Wednesday, May 16, 2018

Wanted (Universal, Spyglass Pictures, Relativity Media, 2008)

by Mark Gabrish Conlan • Copyright © 2018 by Mark Gabrish Conlan • All rights reserved

Wanted is a 2008 thriller from Universal and its partners, Spyglass Pictures and Relativity Media, based on a series of comic books published in 2004 and created by writer Mark Millar and artist J. G. Jones. Last night my husband Charles went through our extensive backlog of recent but not current DVD’s we’ve accumulated over the years and picked out seven, from which he wanted me to pick the fare we would experience. I went for Wanted largely because the plot synopsis on — “A young man finds out his long-lost father is an assassin. When his father is murdered, the son is recruited into his father’s old organization and trained by a man named Sloan to follow in his dad’s footsteps” — made it seem like a modern-day film noir, especially since I didn’t read the synopsis too closely and thought the hero would be a police officer and his goal would be to infiltrate the assassins’ organization in an attempt to bring it down legally. In fact Wanted stemmed from a childhood fantasy about writer Millar about a comic-book world without superheroes because super-villains would have killed them all — and the original models he and Jones had in mind for how the characters should look were rapper Eminem for the central protagonist (you can’t really call him a “hero”!) and Halle Berry for the mysterious woman who recruits him to the assassination bureau, who quite frankly would have been better choices for the movie than the ones the filmmakers (director Timur Bekmambetov and writers Michael Brandt, Derek Haas and Chris Morgan) ultimately came up with, James McAvoy and Angelina Jolie.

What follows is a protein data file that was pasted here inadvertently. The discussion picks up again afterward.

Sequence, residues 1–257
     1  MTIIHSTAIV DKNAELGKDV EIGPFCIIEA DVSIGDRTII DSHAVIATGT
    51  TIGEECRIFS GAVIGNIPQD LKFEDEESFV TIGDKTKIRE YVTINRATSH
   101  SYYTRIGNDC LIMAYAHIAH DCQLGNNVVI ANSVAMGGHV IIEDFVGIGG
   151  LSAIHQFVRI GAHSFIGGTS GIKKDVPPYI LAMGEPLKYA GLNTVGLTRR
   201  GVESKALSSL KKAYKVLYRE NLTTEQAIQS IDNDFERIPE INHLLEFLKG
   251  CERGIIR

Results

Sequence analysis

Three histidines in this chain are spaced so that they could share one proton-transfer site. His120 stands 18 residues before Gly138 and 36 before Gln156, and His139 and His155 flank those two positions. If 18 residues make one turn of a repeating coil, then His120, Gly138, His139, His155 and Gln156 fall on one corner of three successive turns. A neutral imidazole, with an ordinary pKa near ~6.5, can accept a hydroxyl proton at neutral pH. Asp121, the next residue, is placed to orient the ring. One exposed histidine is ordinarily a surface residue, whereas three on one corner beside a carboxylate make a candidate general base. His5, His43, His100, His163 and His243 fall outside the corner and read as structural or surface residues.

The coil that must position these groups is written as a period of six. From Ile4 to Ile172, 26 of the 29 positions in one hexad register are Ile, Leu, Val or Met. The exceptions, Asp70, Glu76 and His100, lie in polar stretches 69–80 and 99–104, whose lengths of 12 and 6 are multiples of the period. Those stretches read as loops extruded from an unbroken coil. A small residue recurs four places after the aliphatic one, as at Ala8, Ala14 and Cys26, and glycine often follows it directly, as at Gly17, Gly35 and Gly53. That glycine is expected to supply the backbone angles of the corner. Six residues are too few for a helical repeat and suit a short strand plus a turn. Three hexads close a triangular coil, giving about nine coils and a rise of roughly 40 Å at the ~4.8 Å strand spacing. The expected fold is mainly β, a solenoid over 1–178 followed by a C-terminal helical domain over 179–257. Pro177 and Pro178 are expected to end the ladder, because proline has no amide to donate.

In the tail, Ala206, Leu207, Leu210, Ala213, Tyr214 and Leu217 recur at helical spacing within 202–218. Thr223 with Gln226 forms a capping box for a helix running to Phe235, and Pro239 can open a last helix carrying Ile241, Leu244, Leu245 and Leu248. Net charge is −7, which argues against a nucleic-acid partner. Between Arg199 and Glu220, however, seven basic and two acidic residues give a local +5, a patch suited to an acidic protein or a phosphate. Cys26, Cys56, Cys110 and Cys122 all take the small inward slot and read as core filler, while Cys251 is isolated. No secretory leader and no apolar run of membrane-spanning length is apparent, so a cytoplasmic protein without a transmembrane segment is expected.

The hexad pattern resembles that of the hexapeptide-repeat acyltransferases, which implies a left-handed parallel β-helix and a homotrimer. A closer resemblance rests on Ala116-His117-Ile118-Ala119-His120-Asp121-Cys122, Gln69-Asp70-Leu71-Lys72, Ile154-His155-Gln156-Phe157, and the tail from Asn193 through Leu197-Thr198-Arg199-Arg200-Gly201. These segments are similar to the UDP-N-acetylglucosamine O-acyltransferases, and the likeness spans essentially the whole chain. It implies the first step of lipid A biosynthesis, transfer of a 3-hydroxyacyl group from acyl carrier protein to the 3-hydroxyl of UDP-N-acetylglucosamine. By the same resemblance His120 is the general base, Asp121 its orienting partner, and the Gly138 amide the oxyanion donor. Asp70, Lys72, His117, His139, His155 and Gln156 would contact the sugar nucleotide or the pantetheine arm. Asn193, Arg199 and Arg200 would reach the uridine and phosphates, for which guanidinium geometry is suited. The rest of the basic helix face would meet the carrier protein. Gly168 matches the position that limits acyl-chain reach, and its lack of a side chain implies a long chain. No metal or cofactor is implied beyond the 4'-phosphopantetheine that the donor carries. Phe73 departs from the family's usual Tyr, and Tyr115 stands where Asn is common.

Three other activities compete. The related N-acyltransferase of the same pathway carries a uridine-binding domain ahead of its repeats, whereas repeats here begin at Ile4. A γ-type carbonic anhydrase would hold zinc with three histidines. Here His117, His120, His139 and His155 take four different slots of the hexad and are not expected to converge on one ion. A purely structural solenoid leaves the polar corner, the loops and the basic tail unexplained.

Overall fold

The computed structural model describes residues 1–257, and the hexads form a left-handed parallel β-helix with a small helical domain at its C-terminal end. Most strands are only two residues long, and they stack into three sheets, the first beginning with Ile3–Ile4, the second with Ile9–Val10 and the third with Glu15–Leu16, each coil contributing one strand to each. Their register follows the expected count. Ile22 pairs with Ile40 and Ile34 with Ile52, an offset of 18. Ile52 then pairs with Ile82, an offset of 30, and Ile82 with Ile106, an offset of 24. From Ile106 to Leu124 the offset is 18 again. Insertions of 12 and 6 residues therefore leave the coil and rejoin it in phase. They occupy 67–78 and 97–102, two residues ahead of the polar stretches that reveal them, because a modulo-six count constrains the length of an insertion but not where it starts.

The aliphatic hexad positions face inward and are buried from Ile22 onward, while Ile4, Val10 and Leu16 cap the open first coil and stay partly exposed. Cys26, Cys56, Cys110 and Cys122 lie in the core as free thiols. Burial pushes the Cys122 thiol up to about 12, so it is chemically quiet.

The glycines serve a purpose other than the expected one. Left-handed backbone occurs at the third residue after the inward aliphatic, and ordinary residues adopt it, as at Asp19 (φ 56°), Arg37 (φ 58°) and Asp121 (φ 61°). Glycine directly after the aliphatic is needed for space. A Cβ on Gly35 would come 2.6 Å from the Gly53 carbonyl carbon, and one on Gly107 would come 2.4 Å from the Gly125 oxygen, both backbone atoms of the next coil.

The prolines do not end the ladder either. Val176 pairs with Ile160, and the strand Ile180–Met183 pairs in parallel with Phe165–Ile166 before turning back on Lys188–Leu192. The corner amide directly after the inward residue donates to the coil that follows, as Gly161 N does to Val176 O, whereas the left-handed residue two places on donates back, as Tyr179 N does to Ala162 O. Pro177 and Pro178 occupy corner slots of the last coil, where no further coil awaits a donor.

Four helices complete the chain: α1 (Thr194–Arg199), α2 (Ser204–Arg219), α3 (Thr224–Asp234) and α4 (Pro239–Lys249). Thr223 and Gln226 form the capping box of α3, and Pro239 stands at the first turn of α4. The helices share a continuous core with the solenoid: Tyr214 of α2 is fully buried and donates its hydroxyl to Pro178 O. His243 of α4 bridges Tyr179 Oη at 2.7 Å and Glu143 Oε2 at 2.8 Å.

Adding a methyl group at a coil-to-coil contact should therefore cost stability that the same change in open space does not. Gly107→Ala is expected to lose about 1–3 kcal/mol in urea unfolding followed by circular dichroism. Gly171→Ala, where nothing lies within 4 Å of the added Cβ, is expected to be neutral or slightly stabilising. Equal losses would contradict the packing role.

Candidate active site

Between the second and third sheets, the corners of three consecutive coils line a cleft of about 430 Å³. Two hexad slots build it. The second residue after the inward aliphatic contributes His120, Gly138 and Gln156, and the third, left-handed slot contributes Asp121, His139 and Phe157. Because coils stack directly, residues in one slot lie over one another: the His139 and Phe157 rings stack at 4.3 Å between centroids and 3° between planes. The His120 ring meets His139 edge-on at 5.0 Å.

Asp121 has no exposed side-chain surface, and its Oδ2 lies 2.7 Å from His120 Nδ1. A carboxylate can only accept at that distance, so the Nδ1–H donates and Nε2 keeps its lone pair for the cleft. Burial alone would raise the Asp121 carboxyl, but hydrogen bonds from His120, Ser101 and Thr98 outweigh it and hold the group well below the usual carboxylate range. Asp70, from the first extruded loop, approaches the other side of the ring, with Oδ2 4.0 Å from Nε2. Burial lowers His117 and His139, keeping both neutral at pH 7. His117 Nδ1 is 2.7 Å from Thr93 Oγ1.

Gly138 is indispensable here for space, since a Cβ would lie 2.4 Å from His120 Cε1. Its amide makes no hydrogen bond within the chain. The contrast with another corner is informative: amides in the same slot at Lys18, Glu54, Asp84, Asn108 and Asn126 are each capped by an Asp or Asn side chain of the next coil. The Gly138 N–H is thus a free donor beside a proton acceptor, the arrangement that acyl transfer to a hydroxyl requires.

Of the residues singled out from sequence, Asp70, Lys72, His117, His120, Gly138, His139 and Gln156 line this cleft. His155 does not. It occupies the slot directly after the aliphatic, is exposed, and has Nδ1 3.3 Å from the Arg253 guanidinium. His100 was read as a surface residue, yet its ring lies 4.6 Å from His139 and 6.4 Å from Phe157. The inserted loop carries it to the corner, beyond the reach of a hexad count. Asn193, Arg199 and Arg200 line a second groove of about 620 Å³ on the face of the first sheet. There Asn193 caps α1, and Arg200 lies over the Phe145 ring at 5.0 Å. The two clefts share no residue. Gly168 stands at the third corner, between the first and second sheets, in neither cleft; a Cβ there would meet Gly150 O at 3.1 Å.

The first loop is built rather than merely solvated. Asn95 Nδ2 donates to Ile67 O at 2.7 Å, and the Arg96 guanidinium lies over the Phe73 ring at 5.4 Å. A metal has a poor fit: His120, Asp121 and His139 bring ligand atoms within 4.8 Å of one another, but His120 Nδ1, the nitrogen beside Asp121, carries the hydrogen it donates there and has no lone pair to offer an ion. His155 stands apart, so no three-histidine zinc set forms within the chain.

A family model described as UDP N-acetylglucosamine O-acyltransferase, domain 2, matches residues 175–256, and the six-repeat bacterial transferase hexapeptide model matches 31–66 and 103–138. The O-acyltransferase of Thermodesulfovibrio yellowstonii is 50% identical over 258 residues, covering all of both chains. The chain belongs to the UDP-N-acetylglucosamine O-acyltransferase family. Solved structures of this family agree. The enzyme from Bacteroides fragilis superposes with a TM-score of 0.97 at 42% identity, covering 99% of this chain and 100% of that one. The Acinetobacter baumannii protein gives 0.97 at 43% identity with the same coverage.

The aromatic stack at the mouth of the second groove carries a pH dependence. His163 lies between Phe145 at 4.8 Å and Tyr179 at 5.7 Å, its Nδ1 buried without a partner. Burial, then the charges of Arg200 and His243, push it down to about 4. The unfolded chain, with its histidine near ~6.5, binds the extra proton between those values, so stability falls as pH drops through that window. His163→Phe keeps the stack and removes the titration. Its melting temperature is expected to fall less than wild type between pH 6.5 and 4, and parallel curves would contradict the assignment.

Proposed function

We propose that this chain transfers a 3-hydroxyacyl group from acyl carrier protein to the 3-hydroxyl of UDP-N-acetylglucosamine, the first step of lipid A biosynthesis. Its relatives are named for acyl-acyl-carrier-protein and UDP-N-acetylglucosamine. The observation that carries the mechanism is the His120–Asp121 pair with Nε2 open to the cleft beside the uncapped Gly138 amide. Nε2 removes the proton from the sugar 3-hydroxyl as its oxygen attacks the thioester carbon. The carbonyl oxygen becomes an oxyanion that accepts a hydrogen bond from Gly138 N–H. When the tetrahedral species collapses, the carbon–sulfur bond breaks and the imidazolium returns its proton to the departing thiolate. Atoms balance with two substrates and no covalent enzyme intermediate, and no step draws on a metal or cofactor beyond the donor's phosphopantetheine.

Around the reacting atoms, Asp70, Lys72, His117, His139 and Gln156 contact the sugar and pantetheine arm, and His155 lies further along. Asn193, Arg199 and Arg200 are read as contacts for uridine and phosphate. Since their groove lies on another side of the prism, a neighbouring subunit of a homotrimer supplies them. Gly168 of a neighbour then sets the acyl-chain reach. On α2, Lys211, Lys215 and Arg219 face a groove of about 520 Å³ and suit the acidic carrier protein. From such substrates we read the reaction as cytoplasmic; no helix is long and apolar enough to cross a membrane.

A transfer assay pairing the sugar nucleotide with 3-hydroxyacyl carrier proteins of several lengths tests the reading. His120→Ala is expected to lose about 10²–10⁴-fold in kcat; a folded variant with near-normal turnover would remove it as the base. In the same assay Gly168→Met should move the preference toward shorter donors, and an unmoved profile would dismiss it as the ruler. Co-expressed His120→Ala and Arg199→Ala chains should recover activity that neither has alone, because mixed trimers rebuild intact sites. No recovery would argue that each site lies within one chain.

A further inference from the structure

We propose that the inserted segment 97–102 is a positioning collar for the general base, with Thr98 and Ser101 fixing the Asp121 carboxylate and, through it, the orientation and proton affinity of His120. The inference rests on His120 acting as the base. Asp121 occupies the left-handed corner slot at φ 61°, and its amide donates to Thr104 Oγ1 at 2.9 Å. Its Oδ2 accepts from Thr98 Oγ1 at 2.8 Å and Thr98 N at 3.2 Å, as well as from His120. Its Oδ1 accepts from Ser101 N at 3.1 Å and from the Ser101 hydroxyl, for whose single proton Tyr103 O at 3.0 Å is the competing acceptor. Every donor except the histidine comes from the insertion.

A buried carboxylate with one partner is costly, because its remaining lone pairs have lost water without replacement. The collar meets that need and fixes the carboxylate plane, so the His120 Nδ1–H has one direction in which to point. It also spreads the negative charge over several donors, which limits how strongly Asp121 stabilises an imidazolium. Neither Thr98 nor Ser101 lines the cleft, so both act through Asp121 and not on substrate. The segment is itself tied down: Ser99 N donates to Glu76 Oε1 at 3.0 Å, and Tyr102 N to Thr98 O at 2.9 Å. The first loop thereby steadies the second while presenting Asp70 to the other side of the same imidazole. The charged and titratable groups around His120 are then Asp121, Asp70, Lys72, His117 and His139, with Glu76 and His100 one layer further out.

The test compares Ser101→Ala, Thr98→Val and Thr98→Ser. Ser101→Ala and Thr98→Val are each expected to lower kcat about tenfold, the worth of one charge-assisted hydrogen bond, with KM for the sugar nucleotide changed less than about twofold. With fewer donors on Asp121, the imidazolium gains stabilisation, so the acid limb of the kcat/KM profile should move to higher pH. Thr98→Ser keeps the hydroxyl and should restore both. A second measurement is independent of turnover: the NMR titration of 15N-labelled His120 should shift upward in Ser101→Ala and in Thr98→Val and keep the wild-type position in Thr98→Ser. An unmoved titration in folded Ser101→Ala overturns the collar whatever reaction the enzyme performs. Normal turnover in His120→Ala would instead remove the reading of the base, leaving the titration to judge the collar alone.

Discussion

The opening scene shows Wesley Gibson (James McAvoy, who’s made one truly great movie — Robert Redford’s The Conspirator, in which he played the defense attorney for Mary Surratt, accused and ultimately executed for having been part of the conspiracy to assassinate President Lincoln — and appeared as the younger version of Patrick Stewart’s character in some of the X-Men films; he deserves a better fate than an endless string of movies based on comic books!) in bed dreaming a cosmic dream in which he’s an action hero vanquishing his foes in physically impossible ways. Then he wakes up in bed next to a girlfriend who can’t care less about him ­— he laconically notes that his best friend regularly has sex with her as we see the best friend doing so — and gets ready for a boring accounting job in which he’s being hounded by boss-from-hell Janice (Lorna Scott), a heavy-set woman with candy-colored hair and a big cleavage, to stop having Walter Mitty-esque fantasies and get out the long-overdue billing report already … or else. Then his father — or at least the man he thinks is his father, though there’s no indication that they ever had a parental relationship — is gunned down by a member of the Fraternity of Assassins, an organization we are supposed to believe has been in existence for 1,000 years without registering on the radar screen of normal humanity. A mystery woman named Fox (Angelina Jolie) tells Wesley that the only way he can avenge his father is to join the Fraternity, take their Assassination 101 training course (which is probably not that different from the way the CIA trains its agents) and kill his father’s killer, Cross (Thomas Kretschmann) — only midway through the movie we get the predictable Big Switcheroo: Cross is Wesley’s father (we never get an explanation for who the other guy was or what Cross’s relationship to him was like), and while the long-lost-father schtick is probably as old as the ancient Greeks it’s almost certain the writing committee on this project ripped it off from Darth Vader telling Luke Skywalker, “I am your father,” in the original Star Wars trilogy.